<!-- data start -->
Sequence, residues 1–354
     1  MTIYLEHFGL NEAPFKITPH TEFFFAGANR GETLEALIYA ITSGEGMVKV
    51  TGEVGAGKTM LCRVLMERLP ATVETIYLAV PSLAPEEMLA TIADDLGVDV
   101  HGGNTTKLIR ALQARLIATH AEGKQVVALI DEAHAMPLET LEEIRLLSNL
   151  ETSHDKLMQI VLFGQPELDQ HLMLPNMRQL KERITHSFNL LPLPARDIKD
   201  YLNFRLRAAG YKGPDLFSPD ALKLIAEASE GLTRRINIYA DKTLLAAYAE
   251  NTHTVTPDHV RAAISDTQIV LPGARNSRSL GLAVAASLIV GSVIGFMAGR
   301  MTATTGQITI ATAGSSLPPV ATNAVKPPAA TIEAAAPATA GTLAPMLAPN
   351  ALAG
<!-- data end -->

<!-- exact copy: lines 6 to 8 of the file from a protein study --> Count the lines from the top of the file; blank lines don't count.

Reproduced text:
   201  YLNFRLRAAG YKGPDLFSPD ALKLIAEASE GLTRRINIYA DKTLLAAYAE
   251  NTHTVTPDHV RAAISDTQIV LPGARNSRSL GLAVAASLIV GSVIGFMAGR
   301  MTATTGQITI ATAGSSLPPV ATNAVKPPAA TIEAAAPATA GTLAPMLAPN